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Plant Physiol. 1985 Nov;79(3):771-6.

Potassium Transport in Corn Roots : IV. Characterization of the Linear Component.

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  • 1Department of Botany, University of California, Davis, California 95616.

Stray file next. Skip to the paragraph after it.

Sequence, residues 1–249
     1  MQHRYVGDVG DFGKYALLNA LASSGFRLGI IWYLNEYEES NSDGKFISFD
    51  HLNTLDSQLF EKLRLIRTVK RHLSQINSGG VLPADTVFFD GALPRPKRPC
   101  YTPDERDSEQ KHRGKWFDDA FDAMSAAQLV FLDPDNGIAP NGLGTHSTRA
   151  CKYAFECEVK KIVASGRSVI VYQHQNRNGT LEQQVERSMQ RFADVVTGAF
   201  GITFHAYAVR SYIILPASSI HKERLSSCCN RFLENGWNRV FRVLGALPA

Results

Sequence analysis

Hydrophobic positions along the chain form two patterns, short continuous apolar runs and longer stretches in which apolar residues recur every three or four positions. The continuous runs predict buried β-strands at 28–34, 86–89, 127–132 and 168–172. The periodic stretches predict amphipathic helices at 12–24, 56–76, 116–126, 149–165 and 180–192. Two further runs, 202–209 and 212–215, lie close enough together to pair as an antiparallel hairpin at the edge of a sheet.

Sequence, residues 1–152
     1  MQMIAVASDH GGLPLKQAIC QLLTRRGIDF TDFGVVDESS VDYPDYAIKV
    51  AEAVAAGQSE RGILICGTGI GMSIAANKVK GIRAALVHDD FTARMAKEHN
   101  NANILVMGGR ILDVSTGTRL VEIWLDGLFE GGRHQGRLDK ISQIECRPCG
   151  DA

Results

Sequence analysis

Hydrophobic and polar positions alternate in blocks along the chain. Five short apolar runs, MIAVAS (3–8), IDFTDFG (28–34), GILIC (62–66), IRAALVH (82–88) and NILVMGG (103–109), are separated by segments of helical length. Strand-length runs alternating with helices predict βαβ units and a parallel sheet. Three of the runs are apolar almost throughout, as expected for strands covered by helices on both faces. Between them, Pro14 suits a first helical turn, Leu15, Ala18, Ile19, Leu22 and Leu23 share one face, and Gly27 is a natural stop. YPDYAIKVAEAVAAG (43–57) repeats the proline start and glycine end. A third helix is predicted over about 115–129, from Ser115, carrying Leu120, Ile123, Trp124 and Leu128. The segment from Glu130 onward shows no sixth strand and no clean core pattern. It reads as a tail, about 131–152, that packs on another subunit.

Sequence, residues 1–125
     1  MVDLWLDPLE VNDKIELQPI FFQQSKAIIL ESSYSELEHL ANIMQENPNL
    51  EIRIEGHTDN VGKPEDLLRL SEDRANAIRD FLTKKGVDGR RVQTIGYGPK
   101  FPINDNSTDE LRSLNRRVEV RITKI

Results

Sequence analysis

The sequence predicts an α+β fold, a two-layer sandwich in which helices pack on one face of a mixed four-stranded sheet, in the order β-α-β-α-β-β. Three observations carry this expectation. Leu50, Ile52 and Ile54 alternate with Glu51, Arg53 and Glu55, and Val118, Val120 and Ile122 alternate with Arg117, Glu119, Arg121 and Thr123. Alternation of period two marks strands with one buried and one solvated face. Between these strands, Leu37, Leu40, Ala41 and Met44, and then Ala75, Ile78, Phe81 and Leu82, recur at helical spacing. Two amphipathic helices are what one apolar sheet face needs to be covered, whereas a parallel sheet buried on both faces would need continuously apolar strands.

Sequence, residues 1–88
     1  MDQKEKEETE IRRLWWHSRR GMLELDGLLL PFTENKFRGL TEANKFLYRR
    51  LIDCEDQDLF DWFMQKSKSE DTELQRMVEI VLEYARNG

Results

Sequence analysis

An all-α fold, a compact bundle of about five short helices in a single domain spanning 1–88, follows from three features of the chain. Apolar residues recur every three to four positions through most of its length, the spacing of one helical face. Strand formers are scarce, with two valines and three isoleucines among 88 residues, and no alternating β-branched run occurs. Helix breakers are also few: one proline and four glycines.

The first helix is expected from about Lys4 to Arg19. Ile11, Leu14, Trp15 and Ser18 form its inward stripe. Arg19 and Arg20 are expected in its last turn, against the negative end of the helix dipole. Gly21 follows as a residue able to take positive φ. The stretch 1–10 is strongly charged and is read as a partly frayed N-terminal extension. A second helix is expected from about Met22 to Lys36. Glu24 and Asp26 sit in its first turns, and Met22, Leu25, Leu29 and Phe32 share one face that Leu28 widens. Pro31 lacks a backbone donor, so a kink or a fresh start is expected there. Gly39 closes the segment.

A detailed examination was conducted on the linear, or first-order kinetic component for K(+)((86)Rb(+)) influx into root segments of both low- and high-salt grown corn seedlings (Zea mays [A632 x Oh 43]). In tissue from both low- and high-salt grown roots, replacement of Cl(-) in the uptake solution by either SO(4) (2-), H(2)PO(4) (-), or NO(3) (-) caused a significant (50-60%) and specific inhibition of the linear component of K(+) influx. The anion transport inhibitor, 4,4'-diisothiocyano-2,2'-disulfonic acid, was found to abolish saturable Cl(-) influx in corn roots while causing a significant (50-60%) and specific inhibition of the linear K(+) uptake system; this inhibition was identical to that observed when Cl(-) was replaced by other anions in the K(+) uptake solution. Additionally, the quaternary ammonium cation, tetraethylammonium, which has been shown to block K(+) channels in nerve axons, also caused a dramatic (70%) and specific inhibition of the linear component of K(+) influx, but this was obtained only in high-salt roots. The reasons for this difference are discussed with respect to the differing abilities of low- and high-salt roots to absorb tetraethylammonium.Our present results indicate that the linear component of K(+) influx may occur by a passive process involving transmembrane K(+) channels. Fluxes through these K(+) channels may be partly coupled to a saturating Cl(-) influx mechanism.

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